Chapter 13.11 : Surveillance Cultures from Immunocompromised Hosts

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Surveillance cultures from immunocompromised patients provide a service that can directly impact patient care and outcome in this patient population, but a rational, planned approach must be considered in order to optimize resources and interpretive impact. While some studies suggest that surveillance cultures may be of value, other studies suggest that routine surveillance may not be helpful. Differing conclusions from these studies may be due to insufficient data or inconclusive definitions of test conditions rather than from opposing data for similar populations. Selective surveillance, depending on occurrences at a particular time, can be useful in predicting anticipated difficulties in immunocompromised individuals. Surveillance could be part of studies to define the natural history of colonization by microorganisms and infections during pretreatment and after treatment of the immunosuppressed patient.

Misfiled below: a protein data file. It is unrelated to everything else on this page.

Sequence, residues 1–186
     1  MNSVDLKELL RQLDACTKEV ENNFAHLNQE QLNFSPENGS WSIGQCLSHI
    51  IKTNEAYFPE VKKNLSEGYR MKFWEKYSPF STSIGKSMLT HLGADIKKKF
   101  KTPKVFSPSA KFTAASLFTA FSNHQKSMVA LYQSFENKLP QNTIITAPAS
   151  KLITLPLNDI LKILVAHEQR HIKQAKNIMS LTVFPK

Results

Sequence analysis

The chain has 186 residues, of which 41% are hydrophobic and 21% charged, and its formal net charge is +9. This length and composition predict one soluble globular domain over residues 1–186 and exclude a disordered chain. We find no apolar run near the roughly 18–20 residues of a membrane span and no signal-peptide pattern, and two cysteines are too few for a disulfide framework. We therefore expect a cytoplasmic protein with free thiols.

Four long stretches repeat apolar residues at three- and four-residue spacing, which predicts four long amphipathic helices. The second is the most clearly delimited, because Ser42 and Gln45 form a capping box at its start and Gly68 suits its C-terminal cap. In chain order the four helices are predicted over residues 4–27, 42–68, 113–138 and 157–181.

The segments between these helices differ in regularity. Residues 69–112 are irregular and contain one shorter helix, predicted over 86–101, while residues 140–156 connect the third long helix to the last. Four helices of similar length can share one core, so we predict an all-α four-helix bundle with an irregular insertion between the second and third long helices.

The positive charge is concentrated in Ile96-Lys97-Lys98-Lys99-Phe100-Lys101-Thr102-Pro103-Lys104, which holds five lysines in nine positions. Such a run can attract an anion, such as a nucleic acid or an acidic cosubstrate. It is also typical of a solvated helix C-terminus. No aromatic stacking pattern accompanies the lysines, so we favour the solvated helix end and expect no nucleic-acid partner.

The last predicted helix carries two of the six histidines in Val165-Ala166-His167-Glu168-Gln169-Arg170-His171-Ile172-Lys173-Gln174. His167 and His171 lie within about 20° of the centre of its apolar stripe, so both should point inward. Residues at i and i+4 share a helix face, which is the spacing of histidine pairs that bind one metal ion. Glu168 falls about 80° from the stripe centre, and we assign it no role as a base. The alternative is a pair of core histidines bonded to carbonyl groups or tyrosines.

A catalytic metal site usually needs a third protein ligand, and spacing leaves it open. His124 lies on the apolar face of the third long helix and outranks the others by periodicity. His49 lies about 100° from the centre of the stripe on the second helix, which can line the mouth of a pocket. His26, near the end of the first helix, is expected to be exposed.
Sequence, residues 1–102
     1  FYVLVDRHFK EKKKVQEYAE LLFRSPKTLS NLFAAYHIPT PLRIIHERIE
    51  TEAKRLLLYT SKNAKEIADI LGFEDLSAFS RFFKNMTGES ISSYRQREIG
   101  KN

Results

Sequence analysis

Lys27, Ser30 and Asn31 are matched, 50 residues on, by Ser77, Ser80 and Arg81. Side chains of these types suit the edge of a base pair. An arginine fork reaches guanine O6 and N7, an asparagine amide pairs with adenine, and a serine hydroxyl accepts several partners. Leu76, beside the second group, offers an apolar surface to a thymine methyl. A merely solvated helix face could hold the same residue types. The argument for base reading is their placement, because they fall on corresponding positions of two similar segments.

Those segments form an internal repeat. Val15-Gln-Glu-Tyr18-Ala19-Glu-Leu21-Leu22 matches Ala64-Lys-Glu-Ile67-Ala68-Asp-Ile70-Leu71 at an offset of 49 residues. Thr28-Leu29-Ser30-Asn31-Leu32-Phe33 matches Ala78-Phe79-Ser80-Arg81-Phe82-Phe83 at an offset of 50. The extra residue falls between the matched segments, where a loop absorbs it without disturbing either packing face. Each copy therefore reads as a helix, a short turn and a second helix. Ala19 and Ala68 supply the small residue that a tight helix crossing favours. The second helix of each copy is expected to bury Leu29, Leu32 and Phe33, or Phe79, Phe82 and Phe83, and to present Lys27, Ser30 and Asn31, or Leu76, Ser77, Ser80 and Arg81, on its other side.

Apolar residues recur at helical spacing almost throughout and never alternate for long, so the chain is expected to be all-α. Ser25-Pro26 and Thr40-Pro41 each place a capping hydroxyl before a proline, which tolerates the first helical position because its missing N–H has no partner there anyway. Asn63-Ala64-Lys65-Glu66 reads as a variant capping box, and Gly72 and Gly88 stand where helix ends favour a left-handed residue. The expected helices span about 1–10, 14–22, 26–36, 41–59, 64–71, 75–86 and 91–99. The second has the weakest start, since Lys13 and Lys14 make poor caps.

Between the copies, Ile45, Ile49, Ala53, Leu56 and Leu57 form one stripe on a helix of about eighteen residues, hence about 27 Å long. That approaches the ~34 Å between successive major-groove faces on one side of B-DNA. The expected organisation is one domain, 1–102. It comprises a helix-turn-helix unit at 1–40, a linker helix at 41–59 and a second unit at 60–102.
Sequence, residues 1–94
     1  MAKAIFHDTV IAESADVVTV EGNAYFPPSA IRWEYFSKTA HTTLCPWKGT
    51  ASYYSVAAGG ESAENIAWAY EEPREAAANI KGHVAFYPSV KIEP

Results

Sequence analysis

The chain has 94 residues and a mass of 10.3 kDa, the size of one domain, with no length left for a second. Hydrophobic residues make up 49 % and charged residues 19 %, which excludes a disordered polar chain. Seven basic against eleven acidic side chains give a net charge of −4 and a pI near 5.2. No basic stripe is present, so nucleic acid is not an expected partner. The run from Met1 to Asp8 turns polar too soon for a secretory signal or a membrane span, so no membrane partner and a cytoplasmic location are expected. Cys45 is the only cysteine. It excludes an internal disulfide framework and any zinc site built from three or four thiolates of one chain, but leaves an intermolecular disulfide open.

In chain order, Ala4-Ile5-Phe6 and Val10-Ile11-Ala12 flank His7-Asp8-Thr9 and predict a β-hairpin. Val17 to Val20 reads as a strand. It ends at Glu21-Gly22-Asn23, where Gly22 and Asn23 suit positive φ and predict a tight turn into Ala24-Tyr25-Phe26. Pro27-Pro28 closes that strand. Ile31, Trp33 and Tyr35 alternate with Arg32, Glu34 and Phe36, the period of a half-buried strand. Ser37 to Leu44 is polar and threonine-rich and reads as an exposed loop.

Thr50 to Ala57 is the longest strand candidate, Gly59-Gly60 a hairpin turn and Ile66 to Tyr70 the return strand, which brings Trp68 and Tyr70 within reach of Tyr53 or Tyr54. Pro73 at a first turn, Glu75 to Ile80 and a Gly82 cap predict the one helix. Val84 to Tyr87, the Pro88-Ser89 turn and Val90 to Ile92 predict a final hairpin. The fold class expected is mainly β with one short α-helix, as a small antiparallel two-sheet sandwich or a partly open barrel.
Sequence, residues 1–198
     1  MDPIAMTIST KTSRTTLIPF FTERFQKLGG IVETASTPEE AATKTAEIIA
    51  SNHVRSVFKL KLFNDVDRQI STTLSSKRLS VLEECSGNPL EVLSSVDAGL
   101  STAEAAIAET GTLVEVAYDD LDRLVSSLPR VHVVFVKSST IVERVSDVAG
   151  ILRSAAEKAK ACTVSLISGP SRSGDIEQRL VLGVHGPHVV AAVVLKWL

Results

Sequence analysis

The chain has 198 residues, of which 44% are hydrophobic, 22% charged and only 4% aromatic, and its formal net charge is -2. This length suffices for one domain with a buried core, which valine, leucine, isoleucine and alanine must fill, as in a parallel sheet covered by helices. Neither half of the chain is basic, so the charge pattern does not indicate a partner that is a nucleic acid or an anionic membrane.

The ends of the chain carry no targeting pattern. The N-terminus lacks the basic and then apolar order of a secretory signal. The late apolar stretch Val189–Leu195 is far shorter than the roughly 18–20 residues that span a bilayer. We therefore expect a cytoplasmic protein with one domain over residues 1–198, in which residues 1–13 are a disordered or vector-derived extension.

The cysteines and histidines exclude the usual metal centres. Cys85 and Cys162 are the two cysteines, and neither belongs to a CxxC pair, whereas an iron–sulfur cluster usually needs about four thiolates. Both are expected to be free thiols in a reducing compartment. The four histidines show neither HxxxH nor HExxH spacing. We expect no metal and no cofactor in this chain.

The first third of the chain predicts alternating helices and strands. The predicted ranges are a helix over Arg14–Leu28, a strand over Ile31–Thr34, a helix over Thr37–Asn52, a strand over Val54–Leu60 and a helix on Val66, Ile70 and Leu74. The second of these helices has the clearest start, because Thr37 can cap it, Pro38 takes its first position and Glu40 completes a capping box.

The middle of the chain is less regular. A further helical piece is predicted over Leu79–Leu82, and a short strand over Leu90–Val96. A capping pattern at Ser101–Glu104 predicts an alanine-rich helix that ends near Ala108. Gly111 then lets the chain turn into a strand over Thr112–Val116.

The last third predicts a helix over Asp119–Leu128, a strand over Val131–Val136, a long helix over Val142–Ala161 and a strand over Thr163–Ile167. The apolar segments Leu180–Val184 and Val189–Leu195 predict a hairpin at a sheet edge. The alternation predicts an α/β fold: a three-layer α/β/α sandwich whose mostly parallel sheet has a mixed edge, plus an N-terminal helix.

Citation: Garcia L. 2010. Surveillance Cultures from Immunocompromised Hosts, p 497-500. In Clinical Microbiology Procedures Handbook, 3rd Edition. ASM Press, Washington, DC. doi: 10.1128/9781555817435.ch13.11
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